If you run Linux-based systems, you will find a series of directories that end with a
.d and that store configuration files. These are sometimes called .d or “dot dee” directories. If you look in
/etc/, you find many (such as
pam.d). Opening these directories reveals a large number of configuration files and perhaps other directories containing even more. In Ubuntu or other Debian-based systems, it is a violation of etiquette (and Debian policy) for any software package to be allowed to directly change the configuration files of another package. This can be problematic if you want to use system configuration management software.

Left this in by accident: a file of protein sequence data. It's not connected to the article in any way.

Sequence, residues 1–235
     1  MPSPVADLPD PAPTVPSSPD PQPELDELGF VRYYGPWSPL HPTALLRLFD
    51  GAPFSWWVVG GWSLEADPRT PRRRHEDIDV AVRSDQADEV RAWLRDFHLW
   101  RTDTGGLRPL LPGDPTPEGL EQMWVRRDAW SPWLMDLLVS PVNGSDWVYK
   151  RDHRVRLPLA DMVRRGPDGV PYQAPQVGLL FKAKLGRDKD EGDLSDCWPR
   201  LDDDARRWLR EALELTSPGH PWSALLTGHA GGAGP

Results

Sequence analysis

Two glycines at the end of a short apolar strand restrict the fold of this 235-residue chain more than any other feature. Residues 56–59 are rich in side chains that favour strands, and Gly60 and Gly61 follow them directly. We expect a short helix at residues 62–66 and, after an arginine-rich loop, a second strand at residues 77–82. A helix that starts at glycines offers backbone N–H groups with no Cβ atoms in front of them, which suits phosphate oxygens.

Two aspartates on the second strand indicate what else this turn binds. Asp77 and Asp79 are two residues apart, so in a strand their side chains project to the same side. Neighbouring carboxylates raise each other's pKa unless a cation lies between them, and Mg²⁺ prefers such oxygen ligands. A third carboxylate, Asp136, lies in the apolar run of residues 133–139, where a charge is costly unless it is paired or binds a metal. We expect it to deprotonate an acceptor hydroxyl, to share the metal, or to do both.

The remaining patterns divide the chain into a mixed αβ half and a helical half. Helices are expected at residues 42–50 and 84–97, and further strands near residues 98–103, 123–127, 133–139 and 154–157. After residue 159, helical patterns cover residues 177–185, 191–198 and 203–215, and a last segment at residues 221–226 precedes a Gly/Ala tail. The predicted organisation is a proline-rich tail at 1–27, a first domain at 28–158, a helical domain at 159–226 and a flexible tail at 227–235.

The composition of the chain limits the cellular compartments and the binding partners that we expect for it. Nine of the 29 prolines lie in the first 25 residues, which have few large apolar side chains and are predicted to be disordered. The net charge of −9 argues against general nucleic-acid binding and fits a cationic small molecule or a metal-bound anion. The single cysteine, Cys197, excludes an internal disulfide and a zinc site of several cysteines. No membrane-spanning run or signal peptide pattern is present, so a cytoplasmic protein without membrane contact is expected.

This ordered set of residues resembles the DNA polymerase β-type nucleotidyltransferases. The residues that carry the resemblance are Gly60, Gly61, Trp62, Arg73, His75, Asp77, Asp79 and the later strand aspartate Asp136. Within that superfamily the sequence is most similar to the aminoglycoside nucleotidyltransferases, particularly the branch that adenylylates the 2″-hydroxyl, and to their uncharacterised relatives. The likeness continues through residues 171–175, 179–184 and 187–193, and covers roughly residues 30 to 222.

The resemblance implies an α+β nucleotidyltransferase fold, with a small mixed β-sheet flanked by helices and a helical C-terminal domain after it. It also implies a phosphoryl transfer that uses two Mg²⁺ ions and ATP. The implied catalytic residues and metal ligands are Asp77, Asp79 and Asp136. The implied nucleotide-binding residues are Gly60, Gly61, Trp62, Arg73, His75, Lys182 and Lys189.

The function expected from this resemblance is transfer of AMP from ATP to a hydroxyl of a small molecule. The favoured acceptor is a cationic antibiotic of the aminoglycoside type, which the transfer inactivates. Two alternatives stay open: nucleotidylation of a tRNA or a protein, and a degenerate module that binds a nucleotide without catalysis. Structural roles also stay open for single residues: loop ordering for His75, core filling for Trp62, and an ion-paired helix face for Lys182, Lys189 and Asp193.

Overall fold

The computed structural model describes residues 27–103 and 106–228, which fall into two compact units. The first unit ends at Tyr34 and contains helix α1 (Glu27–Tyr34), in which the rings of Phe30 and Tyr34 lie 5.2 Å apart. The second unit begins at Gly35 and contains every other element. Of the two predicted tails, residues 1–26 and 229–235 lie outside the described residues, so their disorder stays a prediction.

dotdee solves this problem by allowing you to take any flat file in your filesystem and replace ...